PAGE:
A normal person reacts to pain by moving away. You are not defending yourself by standing still, Dr Tiemensma says. She maintains there was movement.

23 May 11:59

The position described at the time of the wounds being inflicted is that there was pushing and pulling, slashing and stabbing, Tiemensma says.

This does not correspond with the wounds.

23 May 11:43
Tiemensma says there is pushing and pulling, not a static confrontation. Both arms up in the air; awkward position. Sharp edge of axe facing in Henri Van Breda's direction.

23 May 11:28

23 May 11:14
Dr Tiemensma: If you are aware, you would pull away. Why would you allow a person to make exactly the same cut at the same place? These are completely horizontal. Fine and delicate movements. Why would you allow a person to do it? Very unusual and unlikely. There was movement.

23 May 11:03

23 May 11:01

INFOGRAPHIC: Wounds sustained by Henri van Breda

23 May 10:52
You look at characteristics of the wounds. More characteristics you have, the more suspicious you get. Then look at how they would have been sustained,. Conclusions of possible self-inflicted wounds are determined by a number of factors, Tiemensma says.

23 May 10:48
Cuts on chest are of uniform shape (linear); could have been caused by one instrument, Tiemensma says.

23 May 10:42
He says the version of Dr Albertse would be the more acceptable version as she had examined Henri. Tiemensma counters she had the photos as evidence.

23 May 10:41
 Botha says there is a difference in the descriptions of  the wounds of Dr Albertse and Dr Tiemensma.

23 May 10:40
He says Dr Abertse - a general practioner -  examined Henri, her findings would be more accurate. Tiemensma say doctors are generally not very good with describing wounds.

23 May 10:37
Adv Botha cross examining.

23 May 10:35
Defence wounds essential to show another party was present. If grab at knife or axe, you expect there to be defence wounds.

23 May 10:34

Tiemensma says there is a strong contrast in comparison to his family's injuries.

Extensive chop wounds caused by an axe. None show any characteristics that it was inflicted with the same type of intent or force.

23 May 10:33
Wounds to thorax and abdomen seem to have a stabbing action, not slicing. Still very superficial. Description of how sustained doesn't fit in with the physical injury.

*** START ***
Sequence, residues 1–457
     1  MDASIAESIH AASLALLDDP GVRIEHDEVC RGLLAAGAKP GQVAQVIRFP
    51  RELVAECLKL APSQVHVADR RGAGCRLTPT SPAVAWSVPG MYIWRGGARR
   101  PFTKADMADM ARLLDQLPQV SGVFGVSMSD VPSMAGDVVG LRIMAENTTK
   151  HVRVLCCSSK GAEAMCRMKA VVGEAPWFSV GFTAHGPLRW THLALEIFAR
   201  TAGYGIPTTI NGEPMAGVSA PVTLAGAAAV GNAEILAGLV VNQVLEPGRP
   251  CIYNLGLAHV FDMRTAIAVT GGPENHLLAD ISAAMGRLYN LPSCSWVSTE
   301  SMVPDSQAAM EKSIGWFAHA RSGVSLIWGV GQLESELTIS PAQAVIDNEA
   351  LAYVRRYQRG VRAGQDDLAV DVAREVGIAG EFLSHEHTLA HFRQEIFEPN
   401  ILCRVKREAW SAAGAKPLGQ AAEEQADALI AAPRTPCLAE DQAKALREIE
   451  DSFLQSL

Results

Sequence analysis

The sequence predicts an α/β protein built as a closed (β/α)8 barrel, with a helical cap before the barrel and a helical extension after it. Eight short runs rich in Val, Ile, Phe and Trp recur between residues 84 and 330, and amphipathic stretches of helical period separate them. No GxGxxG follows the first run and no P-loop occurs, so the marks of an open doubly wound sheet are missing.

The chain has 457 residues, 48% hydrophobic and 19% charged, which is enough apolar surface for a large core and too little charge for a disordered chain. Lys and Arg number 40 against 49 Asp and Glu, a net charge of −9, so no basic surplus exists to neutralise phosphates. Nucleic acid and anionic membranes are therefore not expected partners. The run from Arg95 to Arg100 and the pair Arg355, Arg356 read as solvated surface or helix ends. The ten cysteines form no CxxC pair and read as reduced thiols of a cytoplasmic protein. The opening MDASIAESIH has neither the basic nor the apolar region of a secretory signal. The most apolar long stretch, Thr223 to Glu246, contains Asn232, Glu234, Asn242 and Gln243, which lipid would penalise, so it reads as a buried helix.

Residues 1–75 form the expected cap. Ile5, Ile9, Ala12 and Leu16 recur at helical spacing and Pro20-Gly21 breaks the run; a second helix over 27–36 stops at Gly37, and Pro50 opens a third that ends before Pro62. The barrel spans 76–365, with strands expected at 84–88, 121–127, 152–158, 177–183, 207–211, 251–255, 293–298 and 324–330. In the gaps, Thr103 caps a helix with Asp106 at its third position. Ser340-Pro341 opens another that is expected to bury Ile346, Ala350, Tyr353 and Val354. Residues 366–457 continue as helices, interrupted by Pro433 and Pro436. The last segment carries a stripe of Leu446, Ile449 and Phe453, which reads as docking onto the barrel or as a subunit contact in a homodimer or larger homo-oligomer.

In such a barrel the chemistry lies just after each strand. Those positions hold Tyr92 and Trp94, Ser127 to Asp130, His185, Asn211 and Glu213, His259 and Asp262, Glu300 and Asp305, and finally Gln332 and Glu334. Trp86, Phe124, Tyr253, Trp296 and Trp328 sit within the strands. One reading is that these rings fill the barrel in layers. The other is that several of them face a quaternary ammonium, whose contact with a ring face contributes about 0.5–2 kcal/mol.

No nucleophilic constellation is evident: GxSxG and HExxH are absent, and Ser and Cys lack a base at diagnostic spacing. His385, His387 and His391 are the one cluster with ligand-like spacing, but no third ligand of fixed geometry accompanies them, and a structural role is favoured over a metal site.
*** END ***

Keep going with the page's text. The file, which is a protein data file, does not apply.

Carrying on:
23 May 10:32

In this instance, it took place in the bedroom, at the foot of the bed, Galloway says.

Tiemensma say two people faced each other with sharp objects in hands. Pushing and pulling. Holding on to each other would make it difficult to execute very uniform incision to another person's body.

Would expect wounds in different directions if person pulls away.

23 May 10:28
Self inflicted wounds usually find on chest, abdomen, arms or hands. Wounds are in reachable areas. They are accessible.     Most cases in an area that the person could reach.

23 May 10:27
Deeper entrance and become more shallow is more typical if someone is stabbed by another person.

23 May 10:26

Reasons for describing some of his injuries as  possibly self-inflicted injuries - if you look at the type of wounds, they are superficial and non-fatal. Only danger to life is if it becomes infected.

Regular and equal depth, uniform, linear, no movement in the wounds, parallel, equally deep. They don't differ in depth.

23 May 10:23

Tiemensma compiled a report with notes by Dr Albertse.

She explained his mental health and emotional status as very quiet. She didn't appear to note any further concussion-like symptoms,

23 May 10:22
Concussions have grades. Sometimes symptoms last for a minute or more, sometimes up to a week. If mild, its usually short term.

23 May 10:21

Tiemensma says concussion will usually result in loss of consciousness for less than a minute.

If for hours or more than a few minutes, its in keeping with a more serious injury, may show through severe headache, nausea and vomiting, needs to be evaluated medically.

23 May 10:17

Adv Botha objects, saying Tiemensma's evidence is neurology. Galloway argues it's general medical terminology.

Tiemensma  also does clinical forensic work.

23 May 10:15
Tiemensma says concussion is a mild brain injury, loss of consciousness for a couple of seconds at most. But more than 90% of concussions doesn't result in loss of consciousness, she explains.